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Inspiring a Bias for Action

By Steve Kane Updated on April 14th, 2016

jamie-2_ppJamie Parker practices Lean and is passionate about learning and sharing Lean leadership. She has 15 years’ experience in operations management / leadership across retail, service, and manufacturing environments. Jamie serves as an internal coach to her organization’s operations managers across the country while supervising P&L and operations management responsibilities for six commercial print plants. Jamie expresses passion for helping leaders break the habits of traditional management approaches to create environments primed for team member fulfillment.


By Jamie Parker

In preparation for a practitioner presentation at the Association for Manufacturing Excellence (AME) International Conference, I asked some of our managers to record video “testimonials” from team members about how our Lean journey has impacted them. I gave no guidance or script and didn’t know what I would get back.

One of the front line team members talked about how she has been empowered to make improvements to save time and money in her plant. She also shared that she cares for her sick and aging dad. She went on to share how she noticed that she, her family members, and the caregivers were putting things in different places and having difficulty locating the items they needed. So she took the 5S method and applied it to the room in which they care for her dad to make things easier on all of them.

Of course it’s great to hear such a heartfelt story of how a team member applied a Lean tool to her life outside of work. But it helped me to learn a much more valuable lesson.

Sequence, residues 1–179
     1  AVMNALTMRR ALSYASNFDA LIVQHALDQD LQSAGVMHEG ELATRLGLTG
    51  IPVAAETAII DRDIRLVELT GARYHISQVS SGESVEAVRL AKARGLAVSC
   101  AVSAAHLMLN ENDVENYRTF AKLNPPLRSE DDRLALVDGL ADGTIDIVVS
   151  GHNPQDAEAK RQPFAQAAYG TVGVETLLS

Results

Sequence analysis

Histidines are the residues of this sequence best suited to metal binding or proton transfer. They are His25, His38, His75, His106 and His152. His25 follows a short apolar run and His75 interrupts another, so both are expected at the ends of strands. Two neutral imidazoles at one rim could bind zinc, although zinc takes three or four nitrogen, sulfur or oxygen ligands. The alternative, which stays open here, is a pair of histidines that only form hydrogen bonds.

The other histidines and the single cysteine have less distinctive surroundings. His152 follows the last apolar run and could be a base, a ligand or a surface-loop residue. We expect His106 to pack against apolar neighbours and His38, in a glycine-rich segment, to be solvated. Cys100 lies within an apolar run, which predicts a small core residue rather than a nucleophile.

The real investment in this team member wasn’t just on teaching her the tactical application of 5S. The real investment was in giving her an opportunity to improve her work. We encouraged her to try new things, even if they fail, and we celebrated failures as much as the successes. We encouraged her to make changes to the work processes she does every day to eliminate unnecessary steps and save a little time. We taught her that mere seconds matter. We encouraged her to step outside of the traditional definitions of her work responsibilities to create new processes or systems.

This is the real investment in this team member. Because in doing so, we helped her develop an ability to see a problem in the status quo. We helped develop her confidence that she could change things and have a positive impact. We helped inspire a bias for action.

A bias for action and improvement. This is the real value in our people investment and people development within the Lean culture.

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